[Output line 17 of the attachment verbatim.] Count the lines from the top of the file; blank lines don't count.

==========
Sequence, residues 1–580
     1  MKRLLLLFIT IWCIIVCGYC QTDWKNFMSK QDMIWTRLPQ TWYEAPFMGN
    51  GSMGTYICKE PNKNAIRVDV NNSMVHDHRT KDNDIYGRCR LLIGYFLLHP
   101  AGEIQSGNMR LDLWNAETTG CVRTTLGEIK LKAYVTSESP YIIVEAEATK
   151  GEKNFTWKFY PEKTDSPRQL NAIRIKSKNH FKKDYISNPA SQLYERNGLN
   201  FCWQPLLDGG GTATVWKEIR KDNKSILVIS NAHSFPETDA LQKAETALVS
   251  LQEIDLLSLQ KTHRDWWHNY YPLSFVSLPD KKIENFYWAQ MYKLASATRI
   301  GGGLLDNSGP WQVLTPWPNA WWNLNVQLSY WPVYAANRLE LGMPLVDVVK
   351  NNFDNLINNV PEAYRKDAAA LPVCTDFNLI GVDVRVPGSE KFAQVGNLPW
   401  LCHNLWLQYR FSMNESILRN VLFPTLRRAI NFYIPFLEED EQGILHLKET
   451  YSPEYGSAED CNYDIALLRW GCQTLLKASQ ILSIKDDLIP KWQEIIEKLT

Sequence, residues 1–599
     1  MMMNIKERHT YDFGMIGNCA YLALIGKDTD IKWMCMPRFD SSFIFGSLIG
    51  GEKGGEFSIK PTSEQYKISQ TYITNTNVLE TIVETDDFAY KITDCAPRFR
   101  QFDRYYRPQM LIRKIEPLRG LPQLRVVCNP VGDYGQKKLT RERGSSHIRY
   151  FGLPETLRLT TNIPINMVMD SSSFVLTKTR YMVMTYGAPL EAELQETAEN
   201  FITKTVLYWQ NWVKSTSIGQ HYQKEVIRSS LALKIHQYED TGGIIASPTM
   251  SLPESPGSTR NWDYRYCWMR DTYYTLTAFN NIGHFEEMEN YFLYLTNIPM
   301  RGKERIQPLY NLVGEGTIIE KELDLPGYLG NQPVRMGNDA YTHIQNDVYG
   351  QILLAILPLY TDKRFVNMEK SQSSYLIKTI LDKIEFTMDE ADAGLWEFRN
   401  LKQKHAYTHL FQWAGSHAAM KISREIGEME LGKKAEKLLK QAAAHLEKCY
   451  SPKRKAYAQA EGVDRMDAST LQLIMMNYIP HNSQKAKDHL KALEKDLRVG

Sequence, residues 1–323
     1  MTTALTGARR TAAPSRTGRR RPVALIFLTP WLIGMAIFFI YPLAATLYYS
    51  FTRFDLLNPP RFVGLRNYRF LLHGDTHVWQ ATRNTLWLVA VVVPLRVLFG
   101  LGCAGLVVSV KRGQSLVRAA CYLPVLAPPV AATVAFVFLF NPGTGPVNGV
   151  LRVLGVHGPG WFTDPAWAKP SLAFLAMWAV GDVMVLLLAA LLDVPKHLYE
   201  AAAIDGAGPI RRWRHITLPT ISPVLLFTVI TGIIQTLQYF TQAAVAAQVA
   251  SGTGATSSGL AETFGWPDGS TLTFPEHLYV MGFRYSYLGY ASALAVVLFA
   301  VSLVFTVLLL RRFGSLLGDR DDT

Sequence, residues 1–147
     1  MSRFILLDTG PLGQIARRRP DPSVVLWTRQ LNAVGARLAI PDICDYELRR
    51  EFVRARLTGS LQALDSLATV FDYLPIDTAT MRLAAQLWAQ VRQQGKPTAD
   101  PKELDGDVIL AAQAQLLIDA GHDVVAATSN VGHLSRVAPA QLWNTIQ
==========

   201  FITKTVLYWQ NWVKSTSIGQ HYQKEVIRSS LALKIHQYED TGGIIASPTM